So. Lunch and wandering and I got to the 16th floor for a panel on fannish crafting. Here I will have to add that people were knitting and crafting all over the place at the con, and it was very cool. One woman was covering a knit stuffed dragon with multicolored patches.
Then I got to my Planetary Panel, where I sat like a lump. I should not have been there. I knew far less than the other panelists. I should have cried off - my fault.
Shabbat being over, I went to the room and had a bite to eat and changed clothes and started knitting (there were no panels at that point.) Eventually, we wandered over to Burstein's party, where I gave gnomi a gift, and watched some Masquerade. Then I went to fabricdragon's room on Dealer's Row, where I bought yarn and patterns and learned some spinning techniques, and cast on for my second sleeve and chatted and it was much, much fun. So was the filking when we got there - just the right-sized group for strict bardic. I even picked once.
Sunday there was shopping - I finally got to the Dealer's Room - more chat in the Green Room and my last two panels - "Star Trek, 40 years of IDIC, Pointy Ears and...something", which I was supposed to moderate (which I found out at-con) but since another panelist wanted the job, I let him have it. He did a fine job, too. And finally, "Harry Potter and the Heroic Journey", which was my second withfernwithy and was also a lot of fun with some good stuff inside. I also went to the convention "Stitch and Bitch" - my first one, as it happens. I need to do this again. One thing I noted was that everyone in my immediate area was knitting English. Seeing it in action made my later attempts much easier. I'm still sticking with continental, but it never hurts to learn new skills.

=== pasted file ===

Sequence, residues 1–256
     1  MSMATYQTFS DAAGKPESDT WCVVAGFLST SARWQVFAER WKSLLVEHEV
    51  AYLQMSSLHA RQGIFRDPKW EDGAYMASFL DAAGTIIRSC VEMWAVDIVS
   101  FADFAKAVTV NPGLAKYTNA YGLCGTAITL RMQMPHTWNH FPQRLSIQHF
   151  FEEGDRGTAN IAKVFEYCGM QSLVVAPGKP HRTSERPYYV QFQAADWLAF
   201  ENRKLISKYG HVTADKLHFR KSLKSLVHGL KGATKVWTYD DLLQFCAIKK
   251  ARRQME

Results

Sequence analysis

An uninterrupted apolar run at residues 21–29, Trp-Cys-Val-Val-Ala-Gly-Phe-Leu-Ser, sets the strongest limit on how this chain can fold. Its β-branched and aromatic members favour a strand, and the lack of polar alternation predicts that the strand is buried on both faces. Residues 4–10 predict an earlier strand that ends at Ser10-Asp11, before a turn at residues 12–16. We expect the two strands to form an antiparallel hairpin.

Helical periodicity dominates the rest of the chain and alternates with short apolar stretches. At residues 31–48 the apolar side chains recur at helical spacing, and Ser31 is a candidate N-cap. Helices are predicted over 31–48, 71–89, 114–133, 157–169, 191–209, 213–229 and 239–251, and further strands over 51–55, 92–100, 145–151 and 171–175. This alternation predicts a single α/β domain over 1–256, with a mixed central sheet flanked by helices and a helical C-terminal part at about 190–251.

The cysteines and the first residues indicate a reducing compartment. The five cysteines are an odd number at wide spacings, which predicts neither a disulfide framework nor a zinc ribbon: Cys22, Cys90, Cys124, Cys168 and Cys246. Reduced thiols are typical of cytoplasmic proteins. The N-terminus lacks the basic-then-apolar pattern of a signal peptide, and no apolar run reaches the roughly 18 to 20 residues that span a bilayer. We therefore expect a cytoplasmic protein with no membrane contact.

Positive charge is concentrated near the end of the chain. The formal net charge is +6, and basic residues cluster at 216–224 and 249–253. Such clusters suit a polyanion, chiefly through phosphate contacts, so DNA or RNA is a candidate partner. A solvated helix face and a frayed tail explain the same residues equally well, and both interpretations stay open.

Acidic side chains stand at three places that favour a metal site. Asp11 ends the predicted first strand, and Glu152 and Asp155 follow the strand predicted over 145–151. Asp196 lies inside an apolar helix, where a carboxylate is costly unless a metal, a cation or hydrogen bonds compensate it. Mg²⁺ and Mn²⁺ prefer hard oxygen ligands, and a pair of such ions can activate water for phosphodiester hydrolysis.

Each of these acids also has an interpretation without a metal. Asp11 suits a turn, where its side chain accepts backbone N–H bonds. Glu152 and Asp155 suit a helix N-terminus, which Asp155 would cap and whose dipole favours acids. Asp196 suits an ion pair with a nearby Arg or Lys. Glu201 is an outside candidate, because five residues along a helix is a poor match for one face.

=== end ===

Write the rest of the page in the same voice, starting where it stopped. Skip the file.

We also went to the gripe session, which was interesting. I did give some praise for the moderator's clocks - simple battery operated clocks with the hour hands removed and the 50-55 minute spot filled in. Made moderating much easier.
We had our traditional dinner with the Bursteins plus other friends and then got back for the dead dog filk. This pretty much broke up by eleven, by which time I was back in the room and watching television. (BTW - way fun cab driver on the way back - he was a fan. We talked Star Trek and Star Wars.)
Next day, we got a cab back to the bus station and got on another Chinatown bus and rode home. The cab ride home was a tad eventful - new driver who got confused by Chinatown and at one point shut off the meter and seemed to be looking for a place to leave us off. We persuaded him to turn it back on and to listen to Jonathan's directions. Once that was done, all was well,and we paid him for all of the time in the cab.
And then we were home. :)